Country-Abroad .: The world is moving towards severe water scarcity

According to a recent study by the World Resources Institute (WRI), twenty-five countries with a quarter of the world’s population are facing acute water shortages. WRI statistics indicate that these countries routinely use up to 80 percent of their water reserves each year. Demand for water continues to rise with growing population and development around the world, and demand has doubled since 1960. Demand for water has stagnated in developed countries such as Europe and America, but is increasing in Africa. By 2050, worldwide water demand is projected to increase between 20 and 25 percent. The five countries facing the most water scarcity are Bahrain, Cyprus, Kuwait, Lebanon and Oman.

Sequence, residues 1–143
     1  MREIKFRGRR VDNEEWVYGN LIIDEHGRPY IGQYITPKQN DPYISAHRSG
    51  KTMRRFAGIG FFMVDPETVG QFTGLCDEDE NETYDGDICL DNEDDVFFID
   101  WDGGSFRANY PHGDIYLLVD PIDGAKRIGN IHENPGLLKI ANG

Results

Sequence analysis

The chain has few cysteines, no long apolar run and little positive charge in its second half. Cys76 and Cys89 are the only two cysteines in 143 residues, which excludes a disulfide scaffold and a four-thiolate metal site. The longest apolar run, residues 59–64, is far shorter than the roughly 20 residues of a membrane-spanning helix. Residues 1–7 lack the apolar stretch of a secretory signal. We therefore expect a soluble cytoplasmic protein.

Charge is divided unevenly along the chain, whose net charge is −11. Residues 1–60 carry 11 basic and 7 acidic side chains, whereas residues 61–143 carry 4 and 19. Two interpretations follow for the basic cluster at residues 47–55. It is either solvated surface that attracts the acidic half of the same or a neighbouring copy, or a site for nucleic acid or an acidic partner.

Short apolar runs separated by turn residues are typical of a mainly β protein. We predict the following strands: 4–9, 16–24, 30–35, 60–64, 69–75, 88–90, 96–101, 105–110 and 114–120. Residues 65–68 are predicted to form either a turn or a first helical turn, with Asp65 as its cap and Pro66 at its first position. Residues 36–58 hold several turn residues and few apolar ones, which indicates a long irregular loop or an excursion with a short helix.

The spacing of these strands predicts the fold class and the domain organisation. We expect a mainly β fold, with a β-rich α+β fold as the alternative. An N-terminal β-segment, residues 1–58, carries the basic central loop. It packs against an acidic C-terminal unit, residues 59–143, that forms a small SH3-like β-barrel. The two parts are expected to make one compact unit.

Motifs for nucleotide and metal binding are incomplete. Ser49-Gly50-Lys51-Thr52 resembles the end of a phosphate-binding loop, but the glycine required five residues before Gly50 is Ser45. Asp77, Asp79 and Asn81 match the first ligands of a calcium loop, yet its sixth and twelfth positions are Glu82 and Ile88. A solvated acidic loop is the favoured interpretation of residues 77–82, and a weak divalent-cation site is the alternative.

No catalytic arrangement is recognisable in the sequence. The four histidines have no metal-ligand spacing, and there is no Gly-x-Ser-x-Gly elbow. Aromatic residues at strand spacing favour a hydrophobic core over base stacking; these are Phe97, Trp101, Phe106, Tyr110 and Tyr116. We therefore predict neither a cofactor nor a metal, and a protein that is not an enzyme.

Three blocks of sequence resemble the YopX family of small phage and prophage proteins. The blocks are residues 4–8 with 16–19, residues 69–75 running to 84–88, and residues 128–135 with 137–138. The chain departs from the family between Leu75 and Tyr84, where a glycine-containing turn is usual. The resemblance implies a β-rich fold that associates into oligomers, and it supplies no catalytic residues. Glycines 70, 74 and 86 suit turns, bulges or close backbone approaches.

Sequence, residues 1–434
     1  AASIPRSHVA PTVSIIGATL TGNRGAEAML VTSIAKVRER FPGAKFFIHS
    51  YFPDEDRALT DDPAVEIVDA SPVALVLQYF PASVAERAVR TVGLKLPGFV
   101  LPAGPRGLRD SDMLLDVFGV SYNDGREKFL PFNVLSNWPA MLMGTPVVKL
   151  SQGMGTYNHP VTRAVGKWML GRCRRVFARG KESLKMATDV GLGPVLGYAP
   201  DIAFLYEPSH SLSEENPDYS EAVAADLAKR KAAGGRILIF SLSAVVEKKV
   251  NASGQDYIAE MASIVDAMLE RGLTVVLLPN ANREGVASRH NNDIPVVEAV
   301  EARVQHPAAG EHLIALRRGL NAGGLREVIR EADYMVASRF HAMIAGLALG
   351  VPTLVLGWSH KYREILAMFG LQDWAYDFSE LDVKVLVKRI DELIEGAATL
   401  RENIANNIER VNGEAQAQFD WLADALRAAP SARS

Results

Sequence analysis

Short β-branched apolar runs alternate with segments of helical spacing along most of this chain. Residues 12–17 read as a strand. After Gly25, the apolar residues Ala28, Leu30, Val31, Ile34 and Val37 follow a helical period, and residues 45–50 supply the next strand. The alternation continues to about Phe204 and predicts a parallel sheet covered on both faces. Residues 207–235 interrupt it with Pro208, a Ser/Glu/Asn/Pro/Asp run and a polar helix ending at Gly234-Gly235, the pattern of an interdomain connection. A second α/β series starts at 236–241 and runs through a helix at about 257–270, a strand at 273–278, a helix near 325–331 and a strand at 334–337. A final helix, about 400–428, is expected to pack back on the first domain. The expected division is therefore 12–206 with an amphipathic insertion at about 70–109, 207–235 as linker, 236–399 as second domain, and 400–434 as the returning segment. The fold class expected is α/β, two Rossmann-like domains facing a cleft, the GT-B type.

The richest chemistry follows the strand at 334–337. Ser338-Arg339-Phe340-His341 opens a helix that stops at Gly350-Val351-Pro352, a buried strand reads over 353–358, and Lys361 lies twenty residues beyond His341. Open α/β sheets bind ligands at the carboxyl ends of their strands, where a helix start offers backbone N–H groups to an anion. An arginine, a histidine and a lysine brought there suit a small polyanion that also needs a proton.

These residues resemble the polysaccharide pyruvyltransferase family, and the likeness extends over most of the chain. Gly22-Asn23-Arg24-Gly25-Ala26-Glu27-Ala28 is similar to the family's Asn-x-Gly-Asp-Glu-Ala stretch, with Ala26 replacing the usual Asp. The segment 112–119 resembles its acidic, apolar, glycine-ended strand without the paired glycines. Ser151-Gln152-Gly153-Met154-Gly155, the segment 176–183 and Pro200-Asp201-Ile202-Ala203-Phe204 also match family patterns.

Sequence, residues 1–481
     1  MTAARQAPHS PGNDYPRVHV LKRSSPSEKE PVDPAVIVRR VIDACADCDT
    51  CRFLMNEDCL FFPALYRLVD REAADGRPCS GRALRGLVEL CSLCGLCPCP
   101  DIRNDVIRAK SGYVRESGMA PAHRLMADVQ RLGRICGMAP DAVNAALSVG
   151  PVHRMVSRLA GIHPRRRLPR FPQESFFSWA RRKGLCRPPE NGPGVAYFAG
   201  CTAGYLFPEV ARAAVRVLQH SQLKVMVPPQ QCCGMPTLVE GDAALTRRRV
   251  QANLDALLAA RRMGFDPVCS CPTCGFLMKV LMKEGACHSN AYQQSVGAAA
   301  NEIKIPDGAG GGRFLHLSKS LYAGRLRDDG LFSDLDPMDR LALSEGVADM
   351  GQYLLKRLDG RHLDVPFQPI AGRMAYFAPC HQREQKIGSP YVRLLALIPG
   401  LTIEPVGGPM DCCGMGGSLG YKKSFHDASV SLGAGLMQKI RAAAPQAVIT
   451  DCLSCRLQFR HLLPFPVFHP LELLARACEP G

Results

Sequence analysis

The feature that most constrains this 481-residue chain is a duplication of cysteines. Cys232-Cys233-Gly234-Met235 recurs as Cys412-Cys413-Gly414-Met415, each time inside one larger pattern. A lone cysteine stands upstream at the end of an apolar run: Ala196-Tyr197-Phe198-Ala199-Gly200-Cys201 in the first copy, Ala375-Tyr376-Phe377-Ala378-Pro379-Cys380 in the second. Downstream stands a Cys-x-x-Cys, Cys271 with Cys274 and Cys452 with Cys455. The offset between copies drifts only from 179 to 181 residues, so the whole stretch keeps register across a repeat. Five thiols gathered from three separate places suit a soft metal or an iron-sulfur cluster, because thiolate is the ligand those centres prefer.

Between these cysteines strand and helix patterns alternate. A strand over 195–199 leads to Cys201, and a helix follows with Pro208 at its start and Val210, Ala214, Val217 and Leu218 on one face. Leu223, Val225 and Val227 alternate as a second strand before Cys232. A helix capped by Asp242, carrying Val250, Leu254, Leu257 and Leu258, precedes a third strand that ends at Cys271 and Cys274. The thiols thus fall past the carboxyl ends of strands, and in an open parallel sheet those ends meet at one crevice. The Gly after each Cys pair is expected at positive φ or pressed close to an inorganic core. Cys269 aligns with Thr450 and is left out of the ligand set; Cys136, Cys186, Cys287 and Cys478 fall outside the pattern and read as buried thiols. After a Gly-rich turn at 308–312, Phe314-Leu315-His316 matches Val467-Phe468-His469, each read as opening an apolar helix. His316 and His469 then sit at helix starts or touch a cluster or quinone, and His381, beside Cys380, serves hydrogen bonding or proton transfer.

• Twenty-five countries with a quarter of the world’s population are facing acute water scarcity

• Countries contributing 31 percent or $70 trillion to global GDP will face severe water scarcity by 2050• Water scarcity can be prevented through planning. Singapore and Las Vegas have grown amid water scarcity

• Acute water scarcity threatens lives, employment, food and energy security. Demand for water is increasing faster than available resources

• Lack of water management could cost India, China and Central Asia 7 to 12 percent of GDP by 2050

• An additional one billion people are likely to live with extreme water stress by 2050

• India has lost 8.2 terawatt-hours of energy due to lack of planning


Photo credit:  Venngage Inc